iStock/Thinkstock(NEW YORK) -- The number of law enforcement officers killed in ambush-style attacks has increased dramatically this year, according to a report issued today by the National Law Enforcement Officers Memorial Fund, a finding its spokesperson called "especially troubling."
Sixty-seven law enforcement officers died in the line of duty this year as of July 20 -- a small increase from 62 deaths in the same period last year, according to the report. But of this year's 67 deaths, 32 were firearms-related -- which is a 78 percent spike from last year, when 18 deaths were firearms-related.
And of this year's 32 firearms-related deaths, almost half -- 14 -- were the result of eight ambush-style attacks against unsuspecting officers, according to the report. At this time last year there had been just three ambush deaths.
Forty-six officers were killed as a result of a criminal act so far this year, the report said -- double last year's number of 23. The criminal-related deaths this year were from shootings, traffic-related incidents, a beating, and an officer who died from illness contracted from 9/11 rescue and recovery work.
Texas has had the most officer fatalities with 13, followed by Louisiana with seven, in the wake of deadly, targeted attacks on officers in Dallas, Texas, and Baton Rouge, Louisiana, this month.
In Baton Rouge, three officers were killed on July 17 by a gunman who "intentionally targeted and assassinated" cops, according to police. The attack followed the death of Alton Sterling, a black man who was shot and killed during an altercation with Baton Rouge police officers on July 5. Protesters took to the streets nationwide after video surfaced of the encounter, which was followed the next day by a video of the fatal police shooting of Philando Castile, another black man, in Minnesota.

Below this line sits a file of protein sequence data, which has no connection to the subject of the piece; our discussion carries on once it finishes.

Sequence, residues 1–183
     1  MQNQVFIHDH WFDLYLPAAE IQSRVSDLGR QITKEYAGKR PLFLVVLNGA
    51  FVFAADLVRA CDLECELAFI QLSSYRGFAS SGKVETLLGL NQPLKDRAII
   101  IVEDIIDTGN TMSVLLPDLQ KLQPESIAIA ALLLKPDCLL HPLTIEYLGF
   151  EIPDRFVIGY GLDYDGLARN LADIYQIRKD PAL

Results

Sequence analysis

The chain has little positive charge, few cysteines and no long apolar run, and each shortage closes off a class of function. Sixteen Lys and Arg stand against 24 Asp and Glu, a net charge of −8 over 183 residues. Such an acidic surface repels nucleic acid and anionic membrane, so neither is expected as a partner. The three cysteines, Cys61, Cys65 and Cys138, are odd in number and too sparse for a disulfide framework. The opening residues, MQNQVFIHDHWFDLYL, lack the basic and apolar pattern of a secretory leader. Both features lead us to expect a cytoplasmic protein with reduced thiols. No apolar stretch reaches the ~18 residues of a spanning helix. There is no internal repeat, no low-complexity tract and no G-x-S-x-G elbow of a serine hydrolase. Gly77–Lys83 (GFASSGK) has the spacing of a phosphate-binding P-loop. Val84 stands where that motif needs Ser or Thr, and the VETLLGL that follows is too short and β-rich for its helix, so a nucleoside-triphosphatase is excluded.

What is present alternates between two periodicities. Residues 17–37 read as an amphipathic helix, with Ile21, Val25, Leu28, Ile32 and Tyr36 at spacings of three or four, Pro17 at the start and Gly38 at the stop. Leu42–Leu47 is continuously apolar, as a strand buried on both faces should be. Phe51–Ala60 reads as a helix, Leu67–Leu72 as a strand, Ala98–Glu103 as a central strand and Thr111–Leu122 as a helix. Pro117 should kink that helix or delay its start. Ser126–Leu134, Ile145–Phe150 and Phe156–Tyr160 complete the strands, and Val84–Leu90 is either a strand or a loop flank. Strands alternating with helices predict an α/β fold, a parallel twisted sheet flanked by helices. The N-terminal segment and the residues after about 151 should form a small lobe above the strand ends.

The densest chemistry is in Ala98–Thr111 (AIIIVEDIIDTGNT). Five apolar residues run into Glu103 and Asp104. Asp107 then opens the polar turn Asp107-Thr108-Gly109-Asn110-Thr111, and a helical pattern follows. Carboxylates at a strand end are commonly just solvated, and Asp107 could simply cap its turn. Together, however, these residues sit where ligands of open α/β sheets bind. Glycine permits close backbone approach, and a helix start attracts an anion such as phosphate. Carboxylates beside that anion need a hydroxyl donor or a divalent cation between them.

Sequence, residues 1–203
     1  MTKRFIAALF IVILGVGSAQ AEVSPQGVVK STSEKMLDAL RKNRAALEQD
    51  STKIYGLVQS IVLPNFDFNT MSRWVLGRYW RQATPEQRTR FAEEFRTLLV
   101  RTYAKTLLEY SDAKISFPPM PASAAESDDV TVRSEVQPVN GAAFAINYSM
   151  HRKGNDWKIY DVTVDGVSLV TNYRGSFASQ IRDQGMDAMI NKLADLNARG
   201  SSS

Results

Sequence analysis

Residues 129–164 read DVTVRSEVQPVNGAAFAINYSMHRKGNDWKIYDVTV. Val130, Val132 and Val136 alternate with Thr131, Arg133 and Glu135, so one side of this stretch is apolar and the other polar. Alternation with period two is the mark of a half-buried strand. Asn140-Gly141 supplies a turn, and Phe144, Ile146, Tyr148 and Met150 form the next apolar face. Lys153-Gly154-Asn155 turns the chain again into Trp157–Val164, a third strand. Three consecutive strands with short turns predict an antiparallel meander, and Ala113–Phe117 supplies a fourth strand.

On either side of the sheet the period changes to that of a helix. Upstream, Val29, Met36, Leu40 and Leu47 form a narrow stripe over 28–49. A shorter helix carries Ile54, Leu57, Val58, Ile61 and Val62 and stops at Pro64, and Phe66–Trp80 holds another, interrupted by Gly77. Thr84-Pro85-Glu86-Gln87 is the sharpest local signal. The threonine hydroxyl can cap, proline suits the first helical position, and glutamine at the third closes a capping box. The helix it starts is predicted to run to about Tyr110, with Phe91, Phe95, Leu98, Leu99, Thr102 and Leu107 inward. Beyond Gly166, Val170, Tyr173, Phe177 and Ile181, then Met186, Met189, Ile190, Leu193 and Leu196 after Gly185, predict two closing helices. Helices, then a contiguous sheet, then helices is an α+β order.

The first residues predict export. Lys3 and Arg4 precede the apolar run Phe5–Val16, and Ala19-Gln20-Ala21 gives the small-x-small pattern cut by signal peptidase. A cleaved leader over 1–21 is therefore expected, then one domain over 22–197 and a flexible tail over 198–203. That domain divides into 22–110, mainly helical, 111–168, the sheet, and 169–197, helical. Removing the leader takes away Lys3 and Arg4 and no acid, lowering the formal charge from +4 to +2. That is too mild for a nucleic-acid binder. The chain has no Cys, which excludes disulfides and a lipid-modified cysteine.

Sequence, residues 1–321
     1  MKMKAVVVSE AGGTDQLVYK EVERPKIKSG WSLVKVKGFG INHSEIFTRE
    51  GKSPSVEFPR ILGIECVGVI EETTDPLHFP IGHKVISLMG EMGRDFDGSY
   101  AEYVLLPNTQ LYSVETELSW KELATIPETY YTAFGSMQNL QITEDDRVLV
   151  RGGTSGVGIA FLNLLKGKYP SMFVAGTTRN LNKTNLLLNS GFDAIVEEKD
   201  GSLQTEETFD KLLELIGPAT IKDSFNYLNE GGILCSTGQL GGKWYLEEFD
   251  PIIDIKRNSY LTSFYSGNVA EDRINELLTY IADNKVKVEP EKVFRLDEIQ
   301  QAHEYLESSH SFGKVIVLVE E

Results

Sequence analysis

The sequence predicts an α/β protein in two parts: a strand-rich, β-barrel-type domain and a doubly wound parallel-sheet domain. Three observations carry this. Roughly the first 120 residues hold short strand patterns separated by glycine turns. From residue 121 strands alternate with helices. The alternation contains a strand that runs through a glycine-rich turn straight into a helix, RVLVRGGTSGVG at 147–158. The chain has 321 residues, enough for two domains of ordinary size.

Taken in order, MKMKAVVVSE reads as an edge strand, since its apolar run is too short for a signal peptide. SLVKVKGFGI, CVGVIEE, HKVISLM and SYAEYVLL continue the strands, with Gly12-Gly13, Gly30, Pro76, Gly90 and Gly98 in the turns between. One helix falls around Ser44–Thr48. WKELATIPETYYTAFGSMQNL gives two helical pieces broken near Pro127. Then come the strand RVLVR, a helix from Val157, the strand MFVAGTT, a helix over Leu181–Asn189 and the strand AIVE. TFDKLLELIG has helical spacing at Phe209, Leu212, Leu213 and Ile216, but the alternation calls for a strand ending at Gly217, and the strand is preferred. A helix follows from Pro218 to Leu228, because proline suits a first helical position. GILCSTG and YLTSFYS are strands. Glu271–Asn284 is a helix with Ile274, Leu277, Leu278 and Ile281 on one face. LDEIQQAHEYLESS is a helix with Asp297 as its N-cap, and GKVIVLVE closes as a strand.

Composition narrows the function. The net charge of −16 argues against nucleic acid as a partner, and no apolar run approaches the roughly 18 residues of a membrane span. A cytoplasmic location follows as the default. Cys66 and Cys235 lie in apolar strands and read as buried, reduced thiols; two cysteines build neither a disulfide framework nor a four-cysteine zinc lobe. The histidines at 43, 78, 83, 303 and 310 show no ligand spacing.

The Baton Rouge attack was also 10 days after the killing of five officers in Dallas by a gunman who reportedly said he was angry at police.
In all of 2015, there were eight deadly ambushes, said Steve Groeninger, senior director of communications and marketing of the National Law Enforcement Officers Memorial Fund, and in all of 2014 there were 15.
"We're halfway through the year and already at 14," Groeninger said, calling the increase of ambushes "especially troubling."
And while Groeninger said the mass ambushes in Dallas and Baton Rouge are "terribly relevant," he added, "there have been other officer ambushes in the first half of the year." One was 28-year-old police officer Ashley Guindon, who was shot dead while on her first shift after being sworn in at the Prince William County Police Department in Virginia in February.